ANSI Z535

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ANSI Z535 - Danger High Voltage.svgANSI Z535 - Warning Biohazard.svg
Two examples of ANSI Z535 safety signage

ANSI Z535 is an American standard that sets forth a system for presenting safety and accident prevention information. It corresponds to the international ISO 3864 standard.

Sub-Standards[edit]

The ANSI Z535 standard comprises the following six individual standards:

  • ANSI Z535.1 American National Standard for Safety Colors
  • ANSI Z535.2 American National Standard for Environmental and Facility Safety Signs
  • ANSI Z535.3 American National Standard for Criteria for Safety Symbols
  • ANSI Z535.4 American National Standard for Product Safety Signs and Labels
  • ANSI Z535.5 American National Standard for Safety Tags and Barricade Tapes (for Temporary Hazards)
  • ANSI Z535.6 American National Standard for Product Safety Information in Product Manuals, Instructions, and Other Collateral Materials

Development[edit]

The ANSI Z535 standards are administered and published by NEMA the National Electrical Manufacturers Association, an association of member companies that manufacture a diverse set of products including power transmission and distribution equipment, lighting systems, factory automation and control systems, and medical diagnostic imaging systems.[1] NEMA is headquartered in Arlington, Virginia.

These standards have been developed and formulated by the ANSI Z535 committee, originally formed in 1979 and accredited by the American National Standards Institute. This committee is a highly active United States standards-making body that writes these standards to govern the characteristics of visual safety markings that are used to warn about hazards and prevent accidents. Gary Bell led this committee for more than two decades and, as of January 2012, the chairmanship is now held by Geoffrey Peckham, CEO of Clarion Safety Systems.

The ANSI Z535 standard series is continually improved and refined based on human factors research and court case precedents. Every five years these standards are formally revised with the most recent publication in October 2017.

Usage[edit]

ANSI Z535-style communications are becoming more prevalent in society. Identified by their use of the signal words "DANGER", "WARNING", "CAUTION", "NOTICE", or "SAFETY INSTRUCTIONS", ANSI-style signs most often include specific details about the nature of the hazard, the consequence of interaction with the hazard, and avoidance procedures. Product manufacturers and facility owners in a wide array of industries use the ANSI Z535 standards in their efforts to assure a safer workplace and the safe use of their products so both accidents and lawsuits are minimized.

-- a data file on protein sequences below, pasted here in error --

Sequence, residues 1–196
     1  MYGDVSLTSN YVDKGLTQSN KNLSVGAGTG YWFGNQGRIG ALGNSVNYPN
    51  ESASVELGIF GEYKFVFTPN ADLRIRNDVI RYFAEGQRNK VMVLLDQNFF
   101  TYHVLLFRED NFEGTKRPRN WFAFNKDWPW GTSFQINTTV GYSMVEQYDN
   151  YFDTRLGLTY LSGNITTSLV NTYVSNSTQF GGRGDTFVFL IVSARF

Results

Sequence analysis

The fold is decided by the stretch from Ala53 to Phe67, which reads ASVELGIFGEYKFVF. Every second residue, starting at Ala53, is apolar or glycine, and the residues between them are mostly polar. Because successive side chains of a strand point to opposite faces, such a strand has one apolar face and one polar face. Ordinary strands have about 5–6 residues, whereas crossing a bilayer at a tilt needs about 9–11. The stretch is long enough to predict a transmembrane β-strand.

Safety colors provided by ANSI Z535 are harmonized with U.S. Federal Regulations,[2] and include tolerances ranges[3] to make them compatible with ISO 3864. However, ANSI safety colors are not exactly the same colors as used in U.S. traffic signs (prescribed by the MUTCD.[4])

ANSI Z535.1-2017 Safety Colors (PMS, Munsell and RGB)

The ANSI Z535 standards are often cited in U.S. court decisions as the state-of-the-art benchmark against which safety markings and their adequacy are judged.[citation needed]

Resources[edit]

See also[edit]

  • ISO 3864 — International equivalent to this American National Standard, for information signs, colors and warnings
  • ISO 7010 — International equivalent to this American National Standard, for shapes and symbols

References[edit]

  1. ^ NEMA. "ANSI Z535 Safety Alerting Standards - NEMA". www.nema.org. Retrieved 2016-12-27.
  2. ^ "49 CFR 172". Code of Federal Regulations. Retrieved 2020-10-13.
  3. ^ Furber, Brandon. "How to Write ANSI Safety Colors in Your Specification". Electro-Mark Blog. Electro-Mark. Retrieved 2020-10-13.
  4. ^ "Manual on Uniform Traffic Control Devices: MUTCD Color Specifications (23 CFR 655)". Federal Highway Administration. Retrieved 2020-10-13.

External links[edit]